Three employees from Easterseals Arc help the shows go on at Jefferson Pointe.
Sylvia, Victor and Tyler all work at the AMC Classic Jefferson Pointe 18, a complex of 18 movie theaters in one building on the southwest side of Fort Wayne. They’ve worked there between a year and two years, typically scheduled for eight to 12 hours a week. They’re called ushers, but their jobs entail many duties that combine to make the theater a getaway that keeps drawing customers.
Most important, they sweep through each theater after the movie’s final credits fade out, cleaning trash and crumbs left behind by moviegoers. Between these cleanups, they also keep the hallways of the building swept and make sure that bathrooms are neat and fully stocked with soap and toilet paper.
As they’ve grown into their jobs, they’ve learned to do more and to respond to new situations on the fly.
The theater’s general manager, Mike Nason, remembers the time that a customer started bleeding from a cut. Sylvia couldn’t find a manager, he recalls, so she grabbed some adhesive bandages and wipes and helped the woman with her cut.
“They’ve all really grown,” Nason said of the three employees.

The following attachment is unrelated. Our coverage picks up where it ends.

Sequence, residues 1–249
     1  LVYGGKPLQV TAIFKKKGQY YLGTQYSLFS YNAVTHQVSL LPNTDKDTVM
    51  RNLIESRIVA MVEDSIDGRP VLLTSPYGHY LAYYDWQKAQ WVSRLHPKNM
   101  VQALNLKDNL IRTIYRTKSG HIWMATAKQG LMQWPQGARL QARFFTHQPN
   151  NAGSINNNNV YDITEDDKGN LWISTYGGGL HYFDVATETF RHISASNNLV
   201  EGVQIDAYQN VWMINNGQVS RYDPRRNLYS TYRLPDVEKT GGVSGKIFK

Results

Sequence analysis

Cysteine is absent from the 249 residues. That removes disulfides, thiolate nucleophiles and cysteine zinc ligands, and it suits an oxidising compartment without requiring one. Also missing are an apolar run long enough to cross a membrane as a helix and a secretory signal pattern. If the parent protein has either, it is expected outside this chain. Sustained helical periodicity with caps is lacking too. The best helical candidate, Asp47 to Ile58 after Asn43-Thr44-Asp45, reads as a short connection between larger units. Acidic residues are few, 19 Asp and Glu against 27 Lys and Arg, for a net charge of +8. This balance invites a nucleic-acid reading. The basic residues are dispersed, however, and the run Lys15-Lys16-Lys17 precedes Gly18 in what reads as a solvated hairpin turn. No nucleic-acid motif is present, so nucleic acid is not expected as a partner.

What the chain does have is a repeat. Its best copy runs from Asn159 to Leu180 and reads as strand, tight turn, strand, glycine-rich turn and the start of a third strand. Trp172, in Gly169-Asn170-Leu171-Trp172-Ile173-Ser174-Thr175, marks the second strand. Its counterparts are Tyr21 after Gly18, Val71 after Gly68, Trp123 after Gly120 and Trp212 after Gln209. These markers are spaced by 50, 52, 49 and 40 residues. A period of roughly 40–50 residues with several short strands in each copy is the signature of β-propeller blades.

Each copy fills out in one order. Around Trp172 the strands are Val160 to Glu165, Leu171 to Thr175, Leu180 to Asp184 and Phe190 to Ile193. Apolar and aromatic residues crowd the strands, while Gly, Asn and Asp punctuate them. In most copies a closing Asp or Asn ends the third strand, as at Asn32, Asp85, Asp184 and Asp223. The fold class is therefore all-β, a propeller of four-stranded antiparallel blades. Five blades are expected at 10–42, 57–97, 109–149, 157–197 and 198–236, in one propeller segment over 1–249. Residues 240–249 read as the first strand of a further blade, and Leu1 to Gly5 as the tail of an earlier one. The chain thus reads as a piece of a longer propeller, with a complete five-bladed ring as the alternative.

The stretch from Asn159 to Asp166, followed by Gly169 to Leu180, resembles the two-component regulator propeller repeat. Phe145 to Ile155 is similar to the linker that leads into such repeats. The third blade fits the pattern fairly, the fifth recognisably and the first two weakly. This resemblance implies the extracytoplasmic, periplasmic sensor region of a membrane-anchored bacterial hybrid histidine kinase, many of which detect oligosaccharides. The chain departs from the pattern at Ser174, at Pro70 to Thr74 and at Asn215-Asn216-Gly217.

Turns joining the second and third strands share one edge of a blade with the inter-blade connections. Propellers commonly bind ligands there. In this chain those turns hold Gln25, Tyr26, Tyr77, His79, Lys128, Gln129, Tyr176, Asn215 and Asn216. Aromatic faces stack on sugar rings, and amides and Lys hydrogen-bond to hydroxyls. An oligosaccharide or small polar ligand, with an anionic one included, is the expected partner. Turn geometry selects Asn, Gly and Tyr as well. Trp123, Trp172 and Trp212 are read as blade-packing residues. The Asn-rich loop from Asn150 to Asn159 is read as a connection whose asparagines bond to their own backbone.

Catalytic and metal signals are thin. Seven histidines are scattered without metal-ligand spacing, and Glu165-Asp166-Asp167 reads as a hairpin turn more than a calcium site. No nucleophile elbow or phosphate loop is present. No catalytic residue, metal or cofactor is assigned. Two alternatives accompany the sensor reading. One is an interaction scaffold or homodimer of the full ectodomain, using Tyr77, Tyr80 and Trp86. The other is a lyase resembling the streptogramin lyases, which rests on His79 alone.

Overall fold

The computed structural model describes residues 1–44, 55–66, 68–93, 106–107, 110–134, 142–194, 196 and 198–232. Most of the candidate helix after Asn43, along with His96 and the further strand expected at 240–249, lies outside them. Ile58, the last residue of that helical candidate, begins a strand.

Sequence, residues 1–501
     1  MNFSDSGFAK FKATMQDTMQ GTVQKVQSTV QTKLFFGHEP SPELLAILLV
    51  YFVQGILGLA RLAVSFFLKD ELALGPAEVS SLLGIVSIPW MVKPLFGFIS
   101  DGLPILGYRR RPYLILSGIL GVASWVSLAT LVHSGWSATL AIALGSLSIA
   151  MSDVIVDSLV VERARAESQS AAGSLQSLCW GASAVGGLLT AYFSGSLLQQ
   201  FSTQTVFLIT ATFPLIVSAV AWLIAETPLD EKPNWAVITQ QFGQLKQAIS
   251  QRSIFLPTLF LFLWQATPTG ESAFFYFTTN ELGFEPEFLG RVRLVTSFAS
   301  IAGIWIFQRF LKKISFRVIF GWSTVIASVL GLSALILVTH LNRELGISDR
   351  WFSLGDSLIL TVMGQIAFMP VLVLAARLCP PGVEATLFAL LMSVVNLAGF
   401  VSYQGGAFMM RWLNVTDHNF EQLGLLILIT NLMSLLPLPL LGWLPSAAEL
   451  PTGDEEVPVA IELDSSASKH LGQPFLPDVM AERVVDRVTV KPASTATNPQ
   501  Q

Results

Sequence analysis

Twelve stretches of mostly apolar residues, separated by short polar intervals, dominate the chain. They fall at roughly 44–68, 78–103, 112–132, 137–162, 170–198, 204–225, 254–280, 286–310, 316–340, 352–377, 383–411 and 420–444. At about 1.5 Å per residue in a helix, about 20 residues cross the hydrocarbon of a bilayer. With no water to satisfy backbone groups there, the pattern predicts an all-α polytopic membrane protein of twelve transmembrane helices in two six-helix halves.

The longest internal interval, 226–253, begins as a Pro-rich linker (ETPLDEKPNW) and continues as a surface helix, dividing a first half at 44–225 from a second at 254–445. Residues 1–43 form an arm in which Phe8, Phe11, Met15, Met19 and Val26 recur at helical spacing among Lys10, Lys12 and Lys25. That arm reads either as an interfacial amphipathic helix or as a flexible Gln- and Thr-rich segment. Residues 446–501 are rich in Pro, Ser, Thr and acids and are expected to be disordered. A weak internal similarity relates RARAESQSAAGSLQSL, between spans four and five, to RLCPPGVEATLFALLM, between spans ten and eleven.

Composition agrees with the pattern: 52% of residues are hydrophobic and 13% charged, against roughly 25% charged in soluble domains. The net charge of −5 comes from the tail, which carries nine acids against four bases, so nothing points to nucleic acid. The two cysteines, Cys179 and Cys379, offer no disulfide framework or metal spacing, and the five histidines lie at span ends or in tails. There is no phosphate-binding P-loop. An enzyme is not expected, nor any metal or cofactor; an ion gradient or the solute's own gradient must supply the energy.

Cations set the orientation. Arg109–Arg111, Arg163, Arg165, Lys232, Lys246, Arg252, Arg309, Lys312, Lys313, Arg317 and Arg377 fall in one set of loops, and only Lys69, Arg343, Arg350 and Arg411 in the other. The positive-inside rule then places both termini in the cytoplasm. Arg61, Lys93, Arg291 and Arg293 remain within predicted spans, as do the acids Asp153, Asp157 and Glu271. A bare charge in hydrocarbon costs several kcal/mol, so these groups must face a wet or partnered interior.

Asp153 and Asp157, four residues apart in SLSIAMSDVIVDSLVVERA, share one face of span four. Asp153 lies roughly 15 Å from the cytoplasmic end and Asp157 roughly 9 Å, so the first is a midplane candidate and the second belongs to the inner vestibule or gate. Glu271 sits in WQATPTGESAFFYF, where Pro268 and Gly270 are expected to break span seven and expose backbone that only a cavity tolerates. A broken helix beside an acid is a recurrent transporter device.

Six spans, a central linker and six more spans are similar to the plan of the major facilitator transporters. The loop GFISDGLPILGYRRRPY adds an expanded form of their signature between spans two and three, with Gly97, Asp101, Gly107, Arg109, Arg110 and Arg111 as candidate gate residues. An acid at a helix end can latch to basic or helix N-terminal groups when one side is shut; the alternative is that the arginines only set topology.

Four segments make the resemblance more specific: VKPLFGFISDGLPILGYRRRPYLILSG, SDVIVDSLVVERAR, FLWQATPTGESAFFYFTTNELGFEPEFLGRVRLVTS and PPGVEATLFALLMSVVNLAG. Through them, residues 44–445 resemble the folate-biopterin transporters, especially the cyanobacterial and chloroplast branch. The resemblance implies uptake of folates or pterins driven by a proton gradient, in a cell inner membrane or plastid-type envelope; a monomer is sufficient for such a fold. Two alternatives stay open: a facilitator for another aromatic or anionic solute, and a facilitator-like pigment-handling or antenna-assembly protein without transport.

In Victor’s case, he brought incredible meticulousness to his job as a new hire.
“Every single seat was cleaned. Every speck of popcorn was picked up,” Nason said. It was beautiful to see him strive for that perfection, but Nason said it was too close to perfect for the theater to afford. Over time, he said, Victor has learned to better balance the demands of servicing 18 theaters with instinct to strive for absolute spotlessness.
Silvia likes the work. “It’s easy,” she said, yet there’s always something that needs to be done.
“Sometimes we feel rushed, if it’s busier,” Victor said.
The benefit on those very busy days is that both say they enjoy how quickly time passes when they are busy.
Nason said the national AMC Theatres organization encourages its theaters to seek out qualified job candidates with disabilities through its FOCUS (Furthering Opportunities, Cultivating Untapped Strengths) program. In the Jefferson Pointe theaters he manages, one of the biggest differences is how Nason interviews job candidates from Easterseals Arc, for example.
He meets the candidate himself, instead of letting an assistant manager do the interview. Then Nason leads the prospective worker on a “traveling interview,” walking him or her through the theater. He aims to use the interview to give candidates an overview of all the work they might do, “making nachos, tearing tickets, finding your way in the dark theater, seeing where all the lighting is,” and so on, he said.
He watches for people who seem comfortable with it and who are confident that they might be good at the work. In return, he has a good shot at finding reliable, dedicated employees who may stick around much longer than their co-workers.
Those advantages are even more evident when so many businesses can’t fill open jobs. “I guess I’m feeling it now more because the economy is so good,” he said.
And of course, creating a good atmosphere among the workers helps, too. The best thing about working at the AMC theater is its staff, “how polite and respectful people here are,” Victor said.